Nigeria is well known for its dependency on cryptocurrencies like Bitcoin. The nation has been battling inflation for years and residents have hence turned towards crypto to act as a hedge against the deteriorating economy. Despite this, reports emerged that Nigerian financial regulators had called for all financial institutions to suspend all accounts that have cryptocurrency deposits in a bid to combat illicit activities.
However, a recent report from local media outlet Today Ng stated that the rumors of the looming ban on cryptocurrencies that have kept the industry at heels over the past weeks was just a mere misunderstanding. The Central Bank of Nigeria, which has been investigating accounts trading crypto, has clarified that it has no problem with the nation becoming a so-called Bitcoin Nation.
The report explains that the central bank’s efforts were just a means to draw a line between crypto-related banking activities and the use of cryptocurrencies by the population. As such, it is completely legal to transact in cryptocurrencies as long as nothing illegal is involved.
The report cites Adamu Lamtek, the Bank’s Deputy Governor, who spoke on behalf of Godwin Emefiele, governor of the Bank at the 30th seminar for Finance Correspondents and Business Editors. Lamtek explained:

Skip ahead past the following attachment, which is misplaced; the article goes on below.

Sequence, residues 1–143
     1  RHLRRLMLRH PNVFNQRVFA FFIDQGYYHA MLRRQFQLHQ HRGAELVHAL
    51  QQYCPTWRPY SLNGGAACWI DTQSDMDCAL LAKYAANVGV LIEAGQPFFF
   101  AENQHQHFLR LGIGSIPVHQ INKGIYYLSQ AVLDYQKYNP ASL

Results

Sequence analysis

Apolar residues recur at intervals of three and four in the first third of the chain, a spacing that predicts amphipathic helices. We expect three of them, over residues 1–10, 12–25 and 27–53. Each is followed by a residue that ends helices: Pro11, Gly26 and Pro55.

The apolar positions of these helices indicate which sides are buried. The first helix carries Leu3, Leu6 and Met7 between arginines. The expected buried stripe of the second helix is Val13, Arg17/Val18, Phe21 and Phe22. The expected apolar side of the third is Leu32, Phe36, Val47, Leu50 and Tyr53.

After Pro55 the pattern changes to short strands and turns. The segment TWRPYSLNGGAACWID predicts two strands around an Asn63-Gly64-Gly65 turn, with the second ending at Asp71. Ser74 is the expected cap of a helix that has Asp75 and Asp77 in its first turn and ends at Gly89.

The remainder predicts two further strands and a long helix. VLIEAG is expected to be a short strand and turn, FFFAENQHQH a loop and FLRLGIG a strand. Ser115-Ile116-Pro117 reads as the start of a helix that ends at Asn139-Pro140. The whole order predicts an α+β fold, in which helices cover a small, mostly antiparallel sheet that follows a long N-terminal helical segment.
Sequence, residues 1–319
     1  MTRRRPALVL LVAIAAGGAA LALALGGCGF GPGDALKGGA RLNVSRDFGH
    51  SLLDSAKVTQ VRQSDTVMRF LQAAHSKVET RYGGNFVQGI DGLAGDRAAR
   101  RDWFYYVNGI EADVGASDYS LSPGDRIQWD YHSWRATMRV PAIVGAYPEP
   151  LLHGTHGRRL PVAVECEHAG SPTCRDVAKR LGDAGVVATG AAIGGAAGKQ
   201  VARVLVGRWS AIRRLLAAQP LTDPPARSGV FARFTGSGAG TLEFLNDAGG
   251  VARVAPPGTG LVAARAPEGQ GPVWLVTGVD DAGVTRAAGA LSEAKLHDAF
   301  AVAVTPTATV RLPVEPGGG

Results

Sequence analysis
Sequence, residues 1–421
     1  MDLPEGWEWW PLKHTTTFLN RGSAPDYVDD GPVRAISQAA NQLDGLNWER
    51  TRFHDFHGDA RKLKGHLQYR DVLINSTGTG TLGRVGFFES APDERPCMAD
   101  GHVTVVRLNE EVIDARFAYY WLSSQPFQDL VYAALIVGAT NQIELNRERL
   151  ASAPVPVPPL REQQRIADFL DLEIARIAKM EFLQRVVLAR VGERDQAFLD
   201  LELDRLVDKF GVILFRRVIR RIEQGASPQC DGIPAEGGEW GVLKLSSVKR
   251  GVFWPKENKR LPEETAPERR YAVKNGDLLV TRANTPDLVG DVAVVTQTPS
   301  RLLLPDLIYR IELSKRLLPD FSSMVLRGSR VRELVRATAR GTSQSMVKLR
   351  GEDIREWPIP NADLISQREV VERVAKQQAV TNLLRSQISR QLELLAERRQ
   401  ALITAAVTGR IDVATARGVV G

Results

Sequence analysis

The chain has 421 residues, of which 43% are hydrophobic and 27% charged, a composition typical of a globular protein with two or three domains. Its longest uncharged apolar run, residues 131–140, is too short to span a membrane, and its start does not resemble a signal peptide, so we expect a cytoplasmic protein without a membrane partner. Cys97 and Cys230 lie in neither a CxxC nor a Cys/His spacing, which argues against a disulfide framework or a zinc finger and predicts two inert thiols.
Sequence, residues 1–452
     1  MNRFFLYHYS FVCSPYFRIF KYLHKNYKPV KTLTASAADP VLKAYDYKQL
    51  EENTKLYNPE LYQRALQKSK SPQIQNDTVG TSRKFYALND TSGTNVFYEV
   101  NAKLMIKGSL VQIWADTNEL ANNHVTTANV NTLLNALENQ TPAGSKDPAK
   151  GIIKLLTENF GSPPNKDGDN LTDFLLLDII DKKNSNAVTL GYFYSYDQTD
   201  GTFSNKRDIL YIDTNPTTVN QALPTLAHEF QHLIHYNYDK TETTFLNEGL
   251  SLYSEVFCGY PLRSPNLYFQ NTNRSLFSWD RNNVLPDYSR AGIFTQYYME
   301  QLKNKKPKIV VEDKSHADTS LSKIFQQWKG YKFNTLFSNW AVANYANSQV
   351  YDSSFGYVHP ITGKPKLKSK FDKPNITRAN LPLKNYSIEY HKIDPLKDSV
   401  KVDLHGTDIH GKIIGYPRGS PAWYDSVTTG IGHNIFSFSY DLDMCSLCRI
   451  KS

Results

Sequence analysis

“The CBN did not place restrictions on the use of Cryptocurrencies, and we are not discouraging people from trading in it. What we have just done was to prohibit transactions on Cryptocurrencies in the banking sector.”
The statement comes as a response to a letter from the Central Bank of Nigeria which was supposedly sent to local banks and financial institutions, urging them to stop dealing in cryptocurrencies or facilitating payments for cryptocurrency exchanges. The letter had sparked nervousness and speculation throughout the nation’s thriving crypto industry.
The letter, signed by the Director of Banking Supervision, stated:
“The Bank hereby wishes to remind regulated institutions that dealing with cryptocurrencies or facilitating payments for cryptocurrency exchanges is prohibited.”
Accordingly, all DMBs [deposit money banks], NBFIs [non-bank financial institutions], and OFIs [other financial institutions] are directed to identify persons and/or entities transacting in or operating cryptocurrency exchanges within their systems and ensure that such accounts are closed immediately.”
The bank had removed the letter hours after it went live on its official website. Following that, it was neither repeated nor replaced. Experts estimate that the letter was meant to prohibit banking institutions from dealing with cryptocurrencies, not the general public.
Echoes from India
The situation in Nigeria mirrors what’s happening in India. Rumors of the central bank planning to criminalize activities related to cryptocurrencies have been spreading like wildfire. However, the nation’s Financial minister clarified that the government wouldn’t outright ban cryptocurrencies.